- December 16, 2013
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We are nerdy homeschoolers. That means that we read a lot of books, we ask a lot of questions! and eventually we do a lot of projects and experimenting. My second grader has been working her way through the Little House on the Prairie books. One afternoon she asked me if butter really came from cows. We watched several YouTube videos of milking cows, and even a few on churning butter. My kids were fascinated with the old butter churns and what a laborious process the whole thing was. Inevitably, they asked if we could make butter. I remember as a kid, making some in a Tupperware container and lots of shaking. I seem to recall it taking hours. Then I found, on the Internet, people making fresh butter with their stand mixers.
This happy experiment was so easy, and the results were amazing. I’m not sure I had actually tasted fresh butter before. Which is amazing, considering I recall making some as a kid (perhaps I failed to actually make butter?) and that I lived in a huge dairy town growing up.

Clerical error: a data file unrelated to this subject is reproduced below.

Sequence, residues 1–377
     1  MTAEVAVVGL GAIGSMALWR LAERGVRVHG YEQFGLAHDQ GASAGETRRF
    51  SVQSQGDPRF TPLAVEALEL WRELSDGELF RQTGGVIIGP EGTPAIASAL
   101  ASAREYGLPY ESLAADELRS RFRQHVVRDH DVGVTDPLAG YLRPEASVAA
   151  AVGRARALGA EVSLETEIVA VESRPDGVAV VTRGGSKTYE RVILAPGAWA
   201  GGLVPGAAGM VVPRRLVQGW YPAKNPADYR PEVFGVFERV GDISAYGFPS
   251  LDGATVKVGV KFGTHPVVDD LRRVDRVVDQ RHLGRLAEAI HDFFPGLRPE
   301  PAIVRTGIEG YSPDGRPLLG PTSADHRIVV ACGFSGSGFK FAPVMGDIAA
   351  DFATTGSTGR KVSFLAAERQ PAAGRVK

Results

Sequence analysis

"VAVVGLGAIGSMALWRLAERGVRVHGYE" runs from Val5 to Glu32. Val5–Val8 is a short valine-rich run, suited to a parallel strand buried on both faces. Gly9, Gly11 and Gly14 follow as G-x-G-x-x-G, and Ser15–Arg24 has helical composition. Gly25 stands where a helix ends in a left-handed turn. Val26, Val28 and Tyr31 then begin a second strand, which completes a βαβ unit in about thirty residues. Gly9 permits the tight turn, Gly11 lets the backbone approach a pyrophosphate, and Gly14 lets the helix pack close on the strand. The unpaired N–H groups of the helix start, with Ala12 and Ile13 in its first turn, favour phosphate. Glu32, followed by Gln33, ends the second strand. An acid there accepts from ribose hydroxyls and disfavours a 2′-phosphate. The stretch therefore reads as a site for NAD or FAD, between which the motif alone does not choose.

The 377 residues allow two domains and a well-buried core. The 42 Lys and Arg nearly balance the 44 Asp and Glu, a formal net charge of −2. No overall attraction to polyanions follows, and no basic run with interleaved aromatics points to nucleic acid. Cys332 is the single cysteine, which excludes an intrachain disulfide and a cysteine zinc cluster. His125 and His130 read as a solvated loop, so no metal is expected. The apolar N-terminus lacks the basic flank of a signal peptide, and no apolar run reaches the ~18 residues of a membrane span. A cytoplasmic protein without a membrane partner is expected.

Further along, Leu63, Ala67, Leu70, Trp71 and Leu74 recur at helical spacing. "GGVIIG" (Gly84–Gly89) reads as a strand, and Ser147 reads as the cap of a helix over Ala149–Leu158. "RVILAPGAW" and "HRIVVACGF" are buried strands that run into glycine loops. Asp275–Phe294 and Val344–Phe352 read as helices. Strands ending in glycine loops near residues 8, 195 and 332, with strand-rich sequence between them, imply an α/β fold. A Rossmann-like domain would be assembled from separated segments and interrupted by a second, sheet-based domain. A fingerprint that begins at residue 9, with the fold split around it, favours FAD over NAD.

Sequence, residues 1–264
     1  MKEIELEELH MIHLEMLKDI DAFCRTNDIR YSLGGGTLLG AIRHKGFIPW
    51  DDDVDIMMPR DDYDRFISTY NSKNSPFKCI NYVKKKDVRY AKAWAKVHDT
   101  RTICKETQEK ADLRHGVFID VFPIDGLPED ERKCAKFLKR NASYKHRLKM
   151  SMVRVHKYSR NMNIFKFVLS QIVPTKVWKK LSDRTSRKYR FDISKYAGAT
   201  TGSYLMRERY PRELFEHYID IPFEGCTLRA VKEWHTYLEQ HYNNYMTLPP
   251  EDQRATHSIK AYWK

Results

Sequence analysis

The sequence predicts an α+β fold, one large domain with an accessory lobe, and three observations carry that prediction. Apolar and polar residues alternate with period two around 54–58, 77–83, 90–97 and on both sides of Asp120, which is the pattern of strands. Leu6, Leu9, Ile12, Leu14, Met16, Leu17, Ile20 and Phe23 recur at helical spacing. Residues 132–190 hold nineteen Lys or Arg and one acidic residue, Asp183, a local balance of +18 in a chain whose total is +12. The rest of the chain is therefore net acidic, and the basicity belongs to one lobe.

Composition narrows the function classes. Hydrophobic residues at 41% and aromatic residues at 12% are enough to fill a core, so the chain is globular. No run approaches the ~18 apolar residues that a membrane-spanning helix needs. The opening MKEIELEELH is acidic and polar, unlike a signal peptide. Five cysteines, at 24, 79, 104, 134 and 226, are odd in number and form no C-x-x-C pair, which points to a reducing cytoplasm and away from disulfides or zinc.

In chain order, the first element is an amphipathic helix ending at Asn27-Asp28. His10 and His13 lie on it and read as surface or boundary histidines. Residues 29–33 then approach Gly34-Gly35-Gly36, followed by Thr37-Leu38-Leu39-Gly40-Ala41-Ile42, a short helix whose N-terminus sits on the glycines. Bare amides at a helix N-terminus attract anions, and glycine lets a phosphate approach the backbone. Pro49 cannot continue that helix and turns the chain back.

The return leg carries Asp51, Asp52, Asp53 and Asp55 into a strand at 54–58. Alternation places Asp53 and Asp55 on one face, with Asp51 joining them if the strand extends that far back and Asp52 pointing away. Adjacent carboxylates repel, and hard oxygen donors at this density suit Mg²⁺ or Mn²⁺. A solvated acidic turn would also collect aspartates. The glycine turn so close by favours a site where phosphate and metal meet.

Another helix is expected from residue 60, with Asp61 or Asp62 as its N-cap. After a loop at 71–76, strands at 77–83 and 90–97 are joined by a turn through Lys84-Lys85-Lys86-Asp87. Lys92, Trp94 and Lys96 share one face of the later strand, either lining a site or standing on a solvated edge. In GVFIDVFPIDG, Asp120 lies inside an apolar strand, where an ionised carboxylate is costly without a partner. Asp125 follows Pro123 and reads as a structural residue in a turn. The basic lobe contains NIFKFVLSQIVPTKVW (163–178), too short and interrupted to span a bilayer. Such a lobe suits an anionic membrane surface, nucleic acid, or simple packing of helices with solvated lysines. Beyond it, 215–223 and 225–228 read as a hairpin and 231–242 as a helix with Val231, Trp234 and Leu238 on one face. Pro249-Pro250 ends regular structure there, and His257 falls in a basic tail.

I am so glad we tried this out.
Your shopping list is huge! You need, cream and salt.
That’s it folks, two ingredients for your homemade butter.
I used one full quart of heavy cream and a teaspoon of salt. Both ingredients go straight into your stand mixer. If you have the splash guards for your mixer you will want to use them! Using the paddle attachment, turn that sucker on high.
And now, unlike butter churners of yore, you watch instead of work. Your cream will thicken into beautiful whipped cream. Yum. But then, it begins to congeal, and separate. This is where I got worried. I thought I was doing something wrong. Don’t be like me, and just realize that your butter is separating from your buttermilk! So not only do you get fresh butter, but you get fresh buttermilk too. Can you imagine your breakfast tomorrow, buttermilk pancakes and fresh butter?
Keep churning that butter until it forms into a clump and sort of sticks to the paddle.
Using a colander separate your butter from your butter milk. Put the buttermilk into a container and into your fridge.
Now you need to use your hands and squeeze out any remaining buttermilk in the actual butter. You can also use the back of a spoon to press it out.
When you are finished you can shape it into a stick, or put it into a container. Fresh butter should always be kept in the refrigerator.
Before chilling consider adding fresh herbs, fruits, or garlic for some amazing flavored butter.